We do realize that such selection in the absence of the spin-orbit operator is only a simple and rather reasonable but certainly not the best way to satisfy the abovementioned requirement.

Now the spin-orbit interactions outside of the model space are forgotten.

B. Second-order quasirelativistic state-selective effective Hamiltonian

We proceed via the calculation of a state-selective (intermediate) quasirelativistic effective Hamiltonian Heff [4,5] acting within the model space. The diagonalization of Heff should yield (approximate) eigenenergies and model space parts of wavefunctions for all target relativistic states simultaneously. In contradistinction with the  more commonly used state-universal effective Hamiltonian approach, the remainder (Tr(P)-M) eigenstates should not be necessarily meaningful.

Provided that we had chosen a scalar zero-order Hamiltonian approximation (or several approximations, if a multipartitioning version of the perturbation theory is used) which is diagonal in the determinantal basis, the approximation for  Hermitian intermediate effective Hamiltonian matrix up to second order is given by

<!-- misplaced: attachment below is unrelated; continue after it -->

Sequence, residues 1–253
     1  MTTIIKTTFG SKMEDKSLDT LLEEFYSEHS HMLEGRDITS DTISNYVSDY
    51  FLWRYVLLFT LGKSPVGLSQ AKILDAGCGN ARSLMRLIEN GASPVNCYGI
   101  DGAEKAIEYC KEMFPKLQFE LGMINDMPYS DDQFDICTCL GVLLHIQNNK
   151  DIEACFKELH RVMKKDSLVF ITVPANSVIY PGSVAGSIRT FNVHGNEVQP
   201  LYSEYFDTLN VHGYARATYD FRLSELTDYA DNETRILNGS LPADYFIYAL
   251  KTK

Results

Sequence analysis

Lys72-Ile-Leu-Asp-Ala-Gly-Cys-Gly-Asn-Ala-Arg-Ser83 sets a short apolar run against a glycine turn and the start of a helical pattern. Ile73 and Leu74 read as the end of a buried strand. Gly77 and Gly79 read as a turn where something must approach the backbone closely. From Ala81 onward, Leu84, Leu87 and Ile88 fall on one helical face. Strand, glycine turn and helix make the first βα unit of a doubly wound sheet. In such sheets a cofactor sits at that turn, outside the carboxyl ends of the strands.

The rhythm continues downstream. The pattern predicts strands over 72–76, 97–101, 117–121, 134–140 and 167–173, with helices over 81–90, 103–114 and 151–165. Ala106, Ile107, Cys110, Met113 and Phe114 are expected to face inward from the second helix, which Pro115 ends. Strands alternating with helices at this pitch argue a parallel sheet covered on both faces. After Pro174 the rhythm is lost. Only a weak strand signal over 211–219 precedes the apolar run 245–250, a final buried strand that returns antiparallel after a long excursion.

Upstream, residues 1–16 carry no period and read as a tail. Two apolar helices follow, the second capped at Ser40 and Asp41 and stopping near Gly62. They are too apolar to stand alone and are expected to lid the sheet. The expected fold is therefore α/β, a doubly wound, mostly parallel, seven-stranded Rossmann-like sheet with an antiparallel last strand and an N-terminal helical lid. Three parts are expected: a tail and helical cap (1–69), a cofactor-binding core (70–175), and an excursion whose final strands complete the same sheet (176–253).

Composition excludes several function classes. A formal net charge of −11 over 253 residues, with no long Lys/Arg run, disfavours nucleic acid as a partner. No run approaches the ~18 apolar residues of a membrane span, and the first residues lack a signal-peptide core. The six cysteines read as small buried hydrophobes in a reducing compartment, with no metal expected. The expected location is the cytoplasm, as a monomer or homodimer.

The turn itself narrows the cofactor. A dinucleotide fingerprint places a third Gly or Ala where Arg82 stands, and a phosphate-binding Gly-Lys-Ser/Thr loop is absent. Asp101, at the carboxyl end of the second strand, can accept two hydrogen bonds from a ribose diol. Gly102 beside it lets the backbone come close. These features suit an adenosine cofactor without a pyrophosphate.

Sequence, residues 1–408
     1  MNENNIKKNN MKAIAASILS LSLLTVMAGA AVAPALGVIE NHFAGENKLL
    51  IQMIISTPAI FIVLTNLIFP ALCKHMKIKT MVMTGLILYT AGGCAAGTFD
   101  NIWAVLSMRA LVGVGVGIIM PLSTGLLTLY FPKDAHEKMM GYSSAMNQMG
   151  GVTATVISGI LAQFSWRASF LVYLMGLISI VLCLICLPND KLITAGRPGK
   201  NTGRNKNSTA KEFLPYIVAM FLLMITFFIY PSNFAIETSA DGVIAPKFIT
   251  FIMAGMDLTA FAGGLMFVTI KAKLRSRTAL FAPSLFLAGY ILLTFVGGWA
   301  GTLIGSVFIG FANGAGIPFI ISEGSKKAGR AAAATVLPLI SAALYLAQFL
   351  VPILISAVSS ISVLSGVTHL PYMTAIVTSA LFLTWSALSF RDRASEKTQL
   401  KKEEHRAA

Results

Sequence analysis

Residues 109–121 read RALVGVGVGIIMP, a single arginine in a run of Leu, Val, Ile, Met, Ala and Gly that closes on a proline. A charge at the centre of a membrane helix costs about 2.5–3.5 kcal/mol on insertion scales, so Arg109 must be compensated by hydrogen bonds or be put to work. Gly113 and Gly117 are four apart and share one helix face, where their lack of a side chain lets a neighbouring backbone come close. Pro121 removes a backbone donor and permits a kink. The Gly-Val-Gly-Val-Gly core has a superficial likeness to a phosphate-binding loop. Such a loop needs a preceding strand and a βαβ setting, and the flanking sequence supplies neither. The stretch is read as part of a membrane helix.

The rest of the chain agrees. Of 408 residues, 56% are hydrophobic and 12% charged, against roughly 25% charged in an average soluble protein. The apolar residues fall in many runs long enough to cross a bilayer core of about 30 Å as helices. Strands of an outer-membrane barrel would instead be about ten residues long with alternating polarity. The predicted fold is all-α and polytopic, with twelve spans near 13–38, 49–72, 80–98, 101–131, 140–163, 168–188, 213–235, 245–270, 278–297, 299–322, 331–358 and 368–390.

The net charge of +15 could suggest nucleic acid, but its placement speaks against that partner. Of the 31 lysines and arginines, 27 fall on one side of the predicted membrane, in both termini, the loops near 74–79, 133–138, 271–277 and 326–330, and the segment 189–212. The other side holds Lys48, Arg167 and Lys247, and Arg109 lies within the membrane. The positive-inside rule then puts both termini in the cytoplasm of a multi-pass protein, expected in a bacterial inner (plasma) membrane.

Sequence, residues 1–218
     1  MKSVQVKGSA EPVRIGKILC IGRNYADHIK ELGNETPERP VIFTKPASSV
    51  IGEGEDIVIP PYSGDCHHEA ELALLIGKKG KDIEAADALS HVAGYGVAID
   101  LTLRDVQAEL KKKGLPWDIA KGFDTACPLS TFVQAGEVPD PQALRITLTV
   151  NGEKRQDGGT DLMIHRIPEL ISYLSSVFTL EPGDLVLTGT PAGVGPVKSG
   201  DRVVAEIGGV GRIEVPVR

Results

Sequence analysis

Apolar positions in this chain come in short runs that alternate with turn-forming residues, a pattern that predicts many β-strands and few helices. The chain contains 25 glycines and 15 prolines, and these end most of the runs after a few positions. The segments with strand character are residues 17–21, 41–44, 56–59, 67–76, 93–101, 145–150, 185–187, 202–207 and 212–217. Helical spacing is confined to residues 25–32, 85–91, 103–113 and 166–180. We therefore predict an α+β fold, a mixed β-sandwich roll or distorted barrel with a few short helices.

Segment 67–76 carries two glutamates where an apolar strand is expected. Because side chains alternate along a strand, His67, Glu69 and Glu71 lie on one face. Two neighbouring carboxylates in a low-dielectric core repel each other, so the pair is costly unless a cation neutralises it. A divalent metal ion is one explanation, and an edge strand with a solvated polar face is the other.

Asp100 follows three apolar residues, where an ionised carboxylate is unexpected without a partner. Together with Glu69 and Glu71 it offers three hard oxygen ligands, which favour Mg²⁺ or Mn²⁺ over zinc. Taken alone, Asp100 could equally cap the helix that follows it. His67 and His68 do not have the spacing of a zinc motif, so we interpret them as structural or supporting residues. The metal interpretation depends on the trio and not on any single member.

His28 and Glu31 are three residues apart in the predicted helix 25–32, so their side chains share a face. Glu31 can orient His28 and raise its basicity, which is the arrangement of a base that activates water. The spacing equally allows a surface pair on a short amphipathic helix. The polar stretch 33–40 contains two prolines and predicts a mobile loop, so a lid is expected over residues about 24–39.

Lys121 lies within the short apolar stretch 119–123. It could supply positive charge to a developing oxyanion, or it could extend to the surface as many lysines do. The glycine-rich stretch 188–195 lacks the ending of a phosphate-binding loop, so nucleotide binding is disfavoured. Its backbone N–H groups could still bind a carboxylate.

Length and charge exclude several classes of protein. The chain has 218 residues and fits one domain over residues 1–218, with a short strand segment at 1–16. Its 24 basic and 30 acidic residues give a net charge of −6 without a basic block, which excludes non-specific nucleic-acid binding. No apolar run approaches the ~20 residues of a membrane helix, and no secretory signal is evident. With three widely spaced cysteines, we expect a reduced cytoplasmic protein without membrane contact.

where I and J are model-space determinant indices and the sum runs over all the determinants |K> out of model space. The expression for the energy denominator D(I,K) associated with a pair of determinants (|I>, |K>) depends on the particular form of  state-selective effective Hamiltonian perturbation theory (singe partitioning with shifts [5], multipartitioning [6] etc).

Since we neglect the spin-orbit interactions outside of the model space,


i.e. the second-order contributions are reduced to that for the scalar relativistic problem and will have non-relativistic ((point group)x(spin)) symmetry. If we arrange the model-space determinants according to the values of the total spin projections Sz, the effective Hamiltonian matrix will have the form